Health issues discussed as House 2 dismantled

House 2 stands stripped down and vacant as it awaits its final destruction. The operation has brought to light certain safety concerns about the presence of asbesos on campus. PHOTO BY MIKE DAVIES

Brendan Kergin, News Editor  Ω

Don’t Panic.

The famous advice from the Hitchhiker’s Guide to the Galaxy is being repeated by campus safety officials about asbestos on campus.

The Omega’s former home, House 2 near Old Main, is slowly being dismantled.
Abatement crews have been inside for about a week now, carefully removing the harmful material from the house so it can be knocked down later.

“The materials are solid, it’s not friable so there’s not air contamination or anything like that,” said Gordon Maurits, safety officer for the Occupational Health and Safety on campus.

Friability means how easy it is for a solid to be broken up into smaller bits.

This is an issue around asbestos as it is dangerous as a dust.

Then people breathe it in and the damage is internal.

“The area is cordoned off and measures are being taken as per WorkSafe standards for dealing with the hazardous materials that have been found,” said Maurits.

To deal with any dust that may be kicked up the house is being sprayed down with water, greatly reducing the likelihood of anything becoming airborne.

The perimeter of the building is also closed to the public to keep students a safe distance away from the project.

Stacey Jyrkkanen, Occupational Health and Safety department manager, has been working on asbestos removal from campus for awhile.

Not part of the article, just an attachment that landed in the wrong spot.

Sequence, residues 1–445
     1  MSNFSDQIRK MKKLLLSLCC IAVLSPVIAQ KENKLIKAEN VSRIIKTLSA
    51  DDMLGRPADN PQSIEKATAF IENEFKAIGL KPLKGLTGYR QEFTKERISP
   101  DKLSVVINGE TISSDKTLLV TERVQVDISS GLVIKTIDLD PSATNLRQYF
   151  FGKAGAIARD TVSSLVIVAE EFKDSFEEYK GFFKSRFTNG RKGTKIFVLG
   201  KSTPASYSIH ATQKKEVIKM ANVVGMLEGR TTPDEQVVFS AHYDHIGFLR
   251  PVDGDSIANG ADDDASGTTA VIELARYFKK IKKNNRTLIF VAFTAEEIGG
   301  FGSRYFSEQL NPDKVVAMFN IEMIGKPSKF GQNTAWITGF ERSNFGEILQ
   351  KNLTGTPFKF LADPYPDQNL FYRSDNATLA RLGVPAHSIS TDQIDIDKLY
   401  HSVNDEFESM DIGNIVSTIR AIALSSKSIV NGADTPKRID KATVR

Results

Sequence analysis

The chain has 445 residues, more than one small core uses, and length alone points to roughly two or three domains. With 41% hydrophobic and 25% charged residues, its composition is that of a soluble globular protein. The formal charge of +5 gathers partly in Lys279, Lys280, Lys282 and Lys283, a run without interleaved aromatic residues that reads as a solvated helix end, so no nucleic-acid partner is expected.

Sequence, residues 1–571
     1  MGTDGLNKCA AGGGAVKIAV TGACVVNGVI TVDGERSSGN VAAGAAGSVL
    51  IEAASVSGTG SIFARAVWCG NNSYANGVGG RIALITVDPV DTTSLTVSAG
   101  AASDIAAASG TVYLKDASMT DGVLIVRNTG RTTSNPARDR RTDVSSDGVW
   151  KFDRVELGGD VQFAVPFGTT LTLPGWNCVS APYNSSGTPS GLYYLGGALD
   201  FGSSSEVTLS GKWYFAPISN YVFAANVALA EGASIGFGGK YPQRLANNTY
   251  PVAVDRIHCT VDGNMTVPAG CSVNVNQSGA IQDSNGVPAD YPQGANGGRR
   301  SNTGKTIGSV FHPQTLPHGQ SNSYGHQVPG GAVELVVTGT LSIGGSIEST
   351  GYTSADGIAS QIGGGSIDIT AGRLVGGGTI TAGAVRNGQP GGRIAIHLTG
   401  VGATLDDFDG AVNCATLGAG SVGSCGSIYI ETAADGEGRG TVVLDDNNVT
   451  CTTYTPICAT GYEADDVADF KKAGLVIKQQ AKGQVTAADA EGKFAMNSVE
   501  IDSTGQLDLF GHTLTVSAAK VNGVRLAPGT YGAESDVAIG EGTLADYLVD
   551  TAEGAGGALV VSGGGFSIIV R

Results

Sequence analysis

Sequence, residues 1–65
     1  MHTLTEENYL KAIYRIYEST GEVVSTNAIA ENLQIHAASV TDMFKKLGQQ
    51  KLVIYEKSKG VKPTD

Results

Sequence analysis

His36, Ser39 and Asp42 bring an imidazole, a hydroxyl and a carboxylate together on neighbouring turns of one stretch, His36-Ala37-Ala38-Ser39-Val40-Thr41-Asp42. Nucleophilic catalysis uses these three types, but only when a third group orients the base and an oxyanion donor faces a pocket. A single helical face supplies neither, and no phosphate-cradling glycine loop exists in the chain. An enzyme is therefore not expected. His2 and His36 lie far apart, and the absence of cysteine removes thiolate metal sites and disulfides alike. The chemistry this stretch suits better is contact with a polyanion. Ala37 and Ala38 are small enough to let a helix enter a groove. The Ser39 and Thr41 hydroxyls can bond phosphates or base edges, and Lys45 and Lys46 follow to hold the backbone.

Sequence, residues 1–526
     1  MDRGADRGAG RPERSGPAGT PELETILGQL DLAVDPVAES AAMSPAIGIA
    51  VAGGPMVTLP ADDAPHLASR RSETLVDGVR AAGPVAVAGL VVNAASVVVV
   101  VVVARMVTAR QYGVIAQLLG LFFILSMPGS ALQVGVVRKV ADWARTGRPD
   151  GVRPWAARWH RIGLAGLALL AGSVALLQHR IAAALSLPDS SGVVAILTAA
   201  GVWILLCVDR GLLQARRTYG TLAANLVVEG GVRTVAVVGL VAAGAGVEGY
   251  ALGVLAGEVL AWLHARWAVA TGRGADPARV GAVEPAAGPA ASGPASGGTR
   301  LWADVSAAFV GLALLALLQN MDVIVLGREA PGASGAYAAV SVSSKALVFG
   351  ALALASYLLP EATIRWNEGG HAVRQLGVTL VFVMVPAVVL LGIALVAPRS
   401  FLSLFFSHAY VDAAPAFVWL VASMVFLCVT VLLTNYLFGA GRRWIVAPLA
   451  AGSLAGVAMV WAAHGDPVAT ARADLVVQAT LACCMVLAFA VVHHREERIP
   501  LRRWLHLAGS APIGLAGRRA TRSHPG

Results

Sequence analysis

“People hear that (asbestos) and they get into a bit of a panic. I’ve been working on the Old Main project all summer,” said Jyrkkanen.

“We found asbestos here and it was actually in a lot higher concentration than what was found at Omega.”

Old Main was upgraded throughout the summer with seismic upgrades, asbestos removal and new windows put in. All asbestos was safely removed.

It was then bagged and taken to a regulated disposal site.

“Asbestos was a really common building material and as long as it’s not disturbed it’s not a health issue.

“It’s primarily when contractors and construction people and demolition get in and they start tearing things apart and disturbing that, that’s when you have to start looking at the health issues and that’s why any contractor who’s doing demolition in an area where they have asbestos has to go through stringent WorkSafe procedures for dealing with removal,” said Jyrkkanen.

With House 2 being removed it is likely a new bike compound will be put in its place, with shelter and lights.

It is hoped this will encourage more cycling to and on campus.

The newspaper relocated across the road about a month ago and can now be found in House 4.


    • editorofomega Oct. 1, 2011